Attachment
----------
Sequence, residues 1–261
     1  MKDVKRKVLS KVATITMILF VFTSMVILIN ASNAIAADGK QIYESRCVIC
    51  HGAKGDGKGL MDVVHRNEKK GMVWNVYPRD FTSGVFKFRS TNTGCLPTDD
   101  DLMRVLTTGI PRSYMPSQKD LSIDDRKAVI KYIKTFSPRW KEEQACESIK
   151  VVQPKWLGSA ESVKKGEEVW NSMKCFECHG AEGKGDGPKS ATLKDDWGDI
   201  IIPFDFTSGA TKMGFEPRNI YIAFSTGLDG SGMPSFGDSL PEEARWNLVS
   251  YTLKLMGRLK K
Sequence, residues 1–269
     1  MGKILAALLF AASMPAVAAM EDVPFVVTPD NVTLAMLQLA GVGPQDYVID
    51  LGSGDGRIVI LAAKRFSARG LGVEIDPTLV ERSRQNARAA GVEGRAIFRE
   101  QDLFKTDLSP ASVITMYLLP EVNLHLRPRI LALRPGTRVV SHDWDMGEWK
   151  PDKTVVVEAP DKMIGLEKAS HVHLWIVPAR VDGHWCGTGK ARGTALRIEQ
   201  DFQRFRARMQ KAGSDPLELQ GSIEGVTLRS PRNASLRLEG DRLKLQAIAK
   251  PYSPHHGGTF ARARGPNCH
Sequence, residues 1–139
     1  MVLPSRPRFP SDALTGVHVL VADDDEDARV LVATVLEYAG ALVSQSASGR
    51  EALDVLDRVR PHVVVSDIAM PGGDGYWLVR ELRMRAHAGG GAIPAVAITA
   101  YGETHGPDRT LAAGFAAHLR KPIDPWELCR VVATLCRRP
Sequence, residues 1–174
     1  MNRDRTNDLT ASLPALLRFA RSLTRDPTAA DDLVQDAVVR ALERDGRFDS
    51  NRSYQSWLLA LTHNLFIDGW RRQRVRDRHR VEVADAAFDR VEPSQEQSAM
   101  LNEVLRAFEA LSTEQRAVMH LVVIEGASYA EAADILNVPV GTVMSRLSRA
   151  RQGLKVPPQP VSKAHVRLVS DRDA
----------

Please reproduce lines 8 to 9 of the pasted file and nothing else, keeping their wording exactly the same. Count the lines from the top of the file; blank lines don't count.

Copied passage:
Sequence, residues 1–269
     1  MGKILAALLF AASMPAVAAM EDVPFVVTPD NVTLAMLQLA GVGPQDYVID